Pause for reflection
As we prepare for the inauguration of a new President, it is an understatement to say that the American population is split on quite a few issues. The frustration has led to much reflection on the past years, in order to fully understand where we are as a nation today. However with every new issue that arises, there are more left in the past, some never resolved. An example of this is the detriment of the foreclosure crisis in 2008.
Movies like The Big Short attempted to break down the narrative of this financial disaster, highlighting the fact that many of the key players to blame never saw the inside of a jail cell. Although the Obama administration promised an era of change, the lack of response and accountability left everyone to think that maybe the rich and powerful really can get away with anything.
It is estimated that almost 21 million Americans lost properties due to foreclosure or an associated matter when the housing bubble burst. With every new foreclosure sign hammered into the front lawn of our neighbors, people were left to uproot their lives and find a new place to call home.
It may have not been apparent at the time with so many people suffering great losses, but a large percentage of those affected were families of color. They had been the prime targets for subprime loans, and were known to accumulate wealth in their home equity.
The Atlantic ran a searing story entitled “Obama Failed to Mitigate America’s Foreclosure Crisis,” wherin David Dayen explains how this led to a complete “disintegration of wealth” among these people, which seemed to counter the expectations many had for our first black President.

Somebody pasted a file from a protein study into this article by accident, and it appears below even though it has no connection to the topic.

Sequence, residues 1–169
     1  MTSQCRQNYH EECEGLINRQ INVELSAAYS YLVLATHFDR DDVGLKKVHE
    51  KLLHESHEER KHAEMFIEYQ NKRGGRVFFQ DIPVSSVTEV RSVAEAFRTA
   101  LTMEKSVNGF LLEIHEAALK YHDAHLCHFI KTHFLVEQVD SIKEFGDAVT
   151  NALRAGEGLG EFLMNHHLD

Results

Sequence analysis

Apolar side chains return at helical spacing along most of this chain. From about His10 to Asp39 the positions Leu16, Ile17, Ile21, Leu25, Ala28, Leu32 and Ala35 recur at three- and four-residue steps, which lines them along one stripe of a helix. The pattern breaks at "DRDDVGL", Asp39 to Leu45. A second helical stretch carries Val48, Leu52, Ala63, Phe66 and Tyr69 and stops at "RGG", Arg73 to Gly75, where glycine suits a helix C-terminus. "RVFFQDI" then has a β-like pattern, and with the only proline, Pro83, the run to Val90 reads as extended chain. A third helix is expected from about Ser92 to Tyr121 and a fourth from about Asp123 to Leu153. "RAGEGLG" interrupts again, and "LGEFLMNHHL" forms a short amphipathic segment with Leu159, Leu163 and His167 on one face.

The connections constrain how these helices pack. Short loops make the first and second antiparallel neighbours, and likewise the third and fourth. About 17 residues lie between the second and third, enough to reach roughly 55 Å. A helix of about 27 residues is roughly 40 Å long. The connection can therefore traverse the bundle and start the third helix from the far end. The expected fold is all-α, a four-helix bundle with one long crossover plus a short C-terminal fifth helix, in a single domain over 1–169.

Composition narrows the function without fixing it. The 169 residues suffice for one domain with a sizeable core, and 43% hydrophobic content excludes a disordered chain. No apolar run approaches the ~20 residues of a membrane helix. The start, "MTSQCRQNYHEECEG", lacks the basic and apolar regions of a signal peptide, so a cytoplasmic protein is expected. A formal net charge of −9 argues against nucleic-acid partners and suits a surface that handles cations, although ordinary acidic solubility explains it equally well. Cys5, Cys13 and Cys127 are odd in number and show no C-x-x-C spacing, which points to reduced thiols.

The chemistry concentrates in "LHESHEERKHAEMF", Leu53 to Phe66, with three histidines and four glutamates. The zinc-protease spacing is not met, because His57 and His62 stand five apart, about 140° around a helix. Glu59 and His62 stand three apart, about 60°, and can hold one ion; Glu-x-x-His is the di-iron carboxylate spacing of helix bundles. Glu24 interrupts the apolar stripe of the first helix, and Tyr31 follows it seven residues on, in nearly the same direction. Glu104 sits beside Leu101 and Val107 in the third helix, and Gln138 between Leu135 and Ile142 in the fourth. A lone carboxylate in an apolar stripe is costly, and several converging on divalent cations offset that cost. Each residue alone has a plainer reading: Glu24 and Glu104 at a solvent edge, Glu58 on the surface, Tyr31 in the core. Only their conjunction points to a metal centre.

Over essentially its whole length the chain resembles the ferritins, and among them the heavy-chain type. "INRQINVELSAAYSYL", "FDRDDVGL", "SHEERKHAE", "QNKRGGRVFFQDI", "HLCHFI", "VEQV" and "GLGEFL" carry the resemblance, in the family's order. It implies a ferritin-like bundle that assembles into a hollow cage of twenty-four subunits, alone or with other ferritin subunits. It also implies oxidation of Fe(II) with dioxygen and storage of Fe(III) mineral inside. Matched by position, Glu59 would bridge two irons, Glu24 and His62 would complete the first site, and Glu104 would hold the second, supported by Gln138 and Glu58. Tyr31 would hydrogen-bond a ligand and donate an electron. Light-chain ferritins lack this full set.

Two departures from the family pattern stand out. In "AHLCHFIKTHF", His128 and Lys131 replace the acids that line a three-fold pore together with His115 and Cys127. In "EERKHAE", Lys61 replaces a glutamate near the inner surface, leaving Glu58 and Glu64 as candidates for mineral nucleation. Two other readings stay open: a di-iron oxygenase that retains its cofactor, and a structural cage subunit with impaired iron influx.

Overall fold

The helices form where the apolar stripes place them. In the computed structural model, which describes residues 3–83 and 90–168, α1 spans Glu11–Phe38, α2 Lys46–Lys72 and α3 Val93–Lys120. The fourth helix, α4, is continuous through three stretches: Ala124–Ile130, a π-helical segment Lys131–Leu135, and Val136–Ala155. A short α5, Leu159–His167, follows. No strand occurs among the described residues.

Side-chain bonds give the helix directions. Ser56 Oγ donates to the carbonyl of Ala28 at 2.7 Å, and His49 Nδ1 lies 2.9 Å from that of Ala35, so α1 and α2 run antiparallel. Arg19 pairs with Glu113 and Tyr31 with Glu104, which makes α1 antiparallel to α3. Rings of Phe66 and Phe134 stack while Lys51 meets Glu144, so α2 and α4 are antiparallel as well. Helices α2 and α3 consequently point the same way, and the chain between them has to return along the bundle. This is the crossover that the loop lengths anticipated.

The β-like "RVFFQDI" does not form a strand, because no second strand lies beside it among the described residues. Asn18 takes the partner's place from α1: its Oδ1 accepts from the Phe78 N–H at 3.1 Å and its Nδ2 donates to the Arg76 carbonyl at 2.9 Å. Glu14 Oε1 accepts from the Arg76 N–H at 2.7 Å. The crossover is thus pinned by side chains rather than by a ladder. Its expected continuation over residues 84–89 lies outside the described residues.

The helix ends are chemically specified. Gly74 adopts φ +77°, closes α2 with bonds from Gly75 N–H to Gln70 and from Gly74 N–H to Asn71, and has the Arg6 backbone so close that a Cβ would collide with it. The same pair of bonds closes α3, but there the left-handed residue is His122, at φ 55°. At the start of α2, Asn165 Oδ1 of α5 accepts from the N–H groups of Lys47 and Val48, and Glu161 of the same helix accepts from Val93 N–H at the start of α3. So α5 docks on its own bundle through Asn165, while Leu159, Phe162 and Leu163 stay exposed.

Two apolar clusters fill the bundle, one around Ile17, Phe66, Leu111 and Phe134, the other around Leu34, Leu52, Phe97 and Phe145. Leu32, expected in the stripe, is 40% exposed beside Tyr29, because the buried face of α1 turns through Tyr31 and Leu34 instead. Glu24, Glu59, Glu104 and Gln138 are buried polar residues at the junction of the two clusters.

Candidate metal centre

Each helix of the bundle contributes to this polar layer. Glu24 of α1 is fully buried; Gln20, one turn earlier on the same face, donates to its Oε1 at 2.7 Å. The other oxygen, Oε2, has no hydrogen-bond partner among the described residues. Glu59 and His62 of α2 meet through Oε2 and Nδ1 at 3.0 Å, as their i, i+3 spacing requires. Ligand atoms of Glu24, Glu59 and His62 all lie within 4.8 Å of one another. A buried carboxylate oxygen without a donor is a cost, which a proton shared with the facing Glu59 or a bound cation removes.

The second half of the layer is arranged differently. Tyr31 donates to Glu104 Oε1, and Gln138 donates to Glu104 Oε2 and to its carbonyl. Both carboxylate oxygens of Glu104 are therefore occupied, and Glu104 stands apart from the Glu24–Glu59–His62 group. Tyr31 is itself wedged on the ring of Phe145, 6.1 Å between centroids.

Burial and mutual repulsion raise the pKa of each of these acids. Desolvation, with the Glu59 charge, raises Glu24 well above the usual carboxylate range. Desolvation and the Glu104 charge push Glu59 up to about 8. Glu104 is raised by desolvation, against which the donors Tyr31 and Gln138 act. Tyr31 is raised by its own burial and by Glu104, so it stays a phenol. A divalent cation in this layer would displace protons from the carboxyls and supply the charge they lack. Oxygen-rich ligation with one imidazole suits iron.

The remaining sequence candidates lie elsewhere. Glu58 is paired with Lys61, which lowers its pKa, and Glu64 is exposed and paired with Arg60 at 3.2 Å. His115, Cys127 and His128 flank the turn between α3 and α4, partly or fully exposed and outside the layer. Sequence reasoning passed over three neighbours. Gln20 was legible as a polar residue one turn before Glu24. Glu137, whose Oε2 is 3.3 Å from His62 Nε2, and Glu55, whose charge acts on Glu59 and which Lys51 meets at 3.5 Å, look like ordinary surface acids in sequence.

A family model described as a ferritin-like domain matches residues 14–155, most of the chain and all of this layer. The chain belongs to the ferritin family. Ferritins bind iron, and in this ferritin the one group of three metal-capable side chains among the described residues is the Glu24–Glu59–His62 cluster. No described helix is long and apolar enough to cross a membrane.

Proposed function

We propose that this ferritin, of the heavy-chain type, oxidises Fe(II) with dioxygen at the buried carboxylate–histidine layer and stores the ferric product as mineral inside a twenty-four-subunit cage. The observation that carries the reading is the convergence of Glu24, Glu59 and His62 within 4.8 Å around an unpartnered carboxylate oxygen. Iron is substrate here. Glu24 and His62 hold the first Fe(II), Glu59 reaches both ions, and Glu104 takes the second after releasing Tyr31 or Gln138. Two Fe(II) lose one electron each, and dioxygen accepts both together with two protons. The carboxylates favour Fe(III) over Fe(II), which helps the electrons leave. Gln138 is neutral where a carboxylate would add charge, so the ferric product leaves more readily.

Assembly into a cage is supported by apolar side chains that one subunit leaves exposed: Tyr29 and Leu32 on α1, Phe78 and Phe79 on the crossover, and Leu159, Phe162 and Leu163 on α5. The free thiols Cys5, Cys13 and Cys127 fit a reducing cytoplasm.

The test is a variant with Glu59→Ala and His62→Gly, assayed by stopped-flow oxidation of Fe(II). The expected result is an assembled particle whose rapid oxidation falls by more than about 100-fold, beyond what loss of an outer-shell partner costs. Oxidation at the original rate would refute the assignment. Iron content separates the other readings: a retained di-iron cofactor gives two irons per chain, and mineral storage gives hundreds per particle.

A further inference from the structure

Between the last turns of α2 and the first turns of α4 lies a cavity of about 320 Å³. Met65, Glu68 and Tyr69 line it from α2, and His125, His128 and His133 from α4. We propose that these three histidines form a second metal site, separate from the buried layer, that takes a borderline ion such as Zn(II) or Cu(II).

Though policies were passed to modify mortgages and funds were allocated to apply some relief, no justice was ever served to punish the banks and companies responsible for the crisis in the first place. Foreclosures continued to take place and banks collected every cent of money from homeowners before their inevitable eviction.
Even with this blatant example of fraud, President Obama and the government did not choose to prosecute banks or executives.
So what is the take away? How can the American public learn from this for future lending?
Unfortunately, it seems that borrowers will never be on the same level as those they borrow from. If the Obama administration planned to restore faith in our democracy in regards to this crisis, then they clearly failed. The apathetic response has been met with surges of frustration from the American public, who can now be sure that the same rules do not apply to everyone.
Power and money will always win out. Unfortunately the chance to prove that statement wrong was ignored.